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Balancing Act: Tourism boards’ role in fostering sustainable growth

Kalymnos

Tourism Boards and Destination Marketing Organizations are pivotal in shaping policies and engaging the private sector, aiming for sustainable and inclusive tourism growth while safeguarding assets for future generations.

This article is part of the Balanced Tourism column.

As a former CEO of a Destination Marketing Organization (DMO), I’ve witnessed firsthand the evolution of tourism marketing and management. In today’s world, the emphasis on sustainable and inclusive travel is more critical than ever. National Tourism Organizations (NTOs) and DMOs play pivotal roles in this transformation, balancing the growth of tourism with the preservation of their destinations.

The Function of DMOs

DMOs are specialized entities tasked with promoting a destination to attract visitors. Their goal is not just to increase tourist numbers but to enhance the quality of the visit, ensuring it’s beneficial for both the visitor and the host community. This involves marketing campaigns, visitor services, and collaboration with local businesses and stakeholders to create a cohesive and appealing image of the destination.

Engaging with Stakeholders

A key to successful destination marketing is engaging a broad spectrum of stakeholders, including local businesses, government entities, non-profit organizations, and the local community. Effective engagement means listening to their concerns, aligning goals, and working collaboratively. This can be achieved through regular meetings, workshops, and creating platforms for dialogue. Stakeholders are the backbone of a destination’s tourism offer; their buy-in is crucial for sustainable practices.

Mandate and Responsibilities

The mandate of DMOs often includes promoting the destination, managing visitor experience, and ensuring the economic, social, and environmental sustainability of tourism activities. They’re responsible for representing the destination’s brand accurately and attractively, driving not just visitation but ensuring that tourism growth contributes positively to the local economy and community well-being.

Organizational Challenges

DMOs face several challenges, including adapting to rapidly changing market dynamics, technological advancements, and shifting traveler preferences towards more sustainable and authentic experiences. Additionally, they must manage the impact of tourism on local communities and environments, addressing issues like overcrowding and resource depletion.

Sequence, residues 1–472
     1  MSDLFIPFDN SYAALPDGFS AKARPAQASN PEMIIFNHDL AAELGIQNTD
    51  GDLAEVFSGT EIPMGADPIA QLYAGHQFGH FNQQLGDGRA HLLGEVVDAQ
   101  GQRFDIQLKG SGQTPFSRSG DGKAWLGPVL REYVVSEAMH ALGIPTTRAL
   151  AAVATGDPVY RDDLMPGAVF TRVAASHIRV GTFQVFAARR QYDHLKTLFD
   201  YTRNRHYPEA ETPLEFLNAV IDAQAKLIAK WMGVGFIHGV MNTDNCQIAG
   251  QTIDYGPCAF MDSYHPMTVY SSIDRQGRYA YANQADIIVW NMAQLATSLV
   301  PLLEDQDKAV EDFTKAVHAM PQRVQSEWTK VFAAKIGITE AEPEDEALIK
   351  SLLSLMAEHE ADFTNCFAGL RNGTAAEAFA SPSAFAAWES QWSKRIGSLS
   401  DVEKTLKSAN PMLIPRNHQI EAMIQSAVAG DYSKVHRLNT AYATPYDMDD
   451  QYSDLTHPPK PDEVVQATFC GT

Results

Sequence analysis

Funding

Funding models for DMOs vary widely, from government allocations and membership fees to bed taxes and levies on tourist activities. Sustainable funding is crucial for long-term planning and execution of marketing strategies. Increasingly, DMOs are exploring innovative funding mechanisms that align with sustainable tourism principles, such as green taxes or contributions to conservation efforts.

Innovative Success Stories

The ever-evolving landscape of tourism presents unique challenges and opportunities for Destination Marketing Organizations (DMOs) worldwide. Amidst this, several DMOs stand out for their innovative approaches to promoting sustainability and inclusivity in travel. Let’s take a closer look at some of the success stories that have redefined the tourism industry.

New Zealand’s “Tiaki – Care for New Zealand” Initiative

new-zealands-22tiaki-e28093-care-for-new-zealand22-initiative
Tourism New Zealand has embraced the indigenous Maori principle of “kaitiakitanga,” which embodies the concept of guardianship and protection, particularly concerning the natural environment. The “Tiaki – Care for New Zealand” initiative is a compelling embodiment of this principle, manifesting as a pledge that both domestic and international visitors are encouraged to make. The Tiaki Promise is a commitment to traveling responsibly, acting safely and with respect, and preserving the country’s natural and urban landscapes for present and future generations.

What makes this initiative particularly effective is its simplicity and the powerful narrative it creates. By adopting local cultural values and presenting them in a way that resonates globally, New Zealand has successfully integrated sustainability into the visitor experience. This initiative not only promotes responsible tourism but also aligns with the global movement towards environmentally conscious travel.

The “Tiaki – Care for New Zealand” initiative has had a profound impact on the way tourism is approached in the country:

Environmental Stewardship:
  • By encouraging visitors to adhere to the Tiaki Promise, New Zealand has actively involved tourists in its conservation efforts, promoting sustainable travel behaviors that help preserve the country’s natural landscapes and biodiversity.
Cultural Integration:
  • The initiative has successfully integrated Maori cultural values into the visitor experience, fostering greater cultural understanding and respect among tourists for New Zealand’s indigenous heritage.
Marketing and Branding:
  • “Tiaki – Care for New Zealand” has strengthened New Zealand’s brand as a sustainable tourism destination, attracting travelers who value and prioritize environmental and cultural preservation.

Iceland’s “Inspired by Iceland” Campaign

icelands-22inspired-by-iceland22-campaign

Iceland faced a unique challenge: its popularity as a travel destination led to significant seasonal fluctuations in tourist numbers, with a majority of visitors arriving during the summer months. This seasonal surge placed considerable strain on the country’s natural wonders. In response, the “Inspired by Iceland” campaign was launched to promote off-season travel. Through innovative marketing efforts that highlight the allure of Iceland’s winter landscapes, cultural events, and the possibility of witnessing the Northern Lights, the campaign has successfully smoothed out the seasonal peaks in visitation.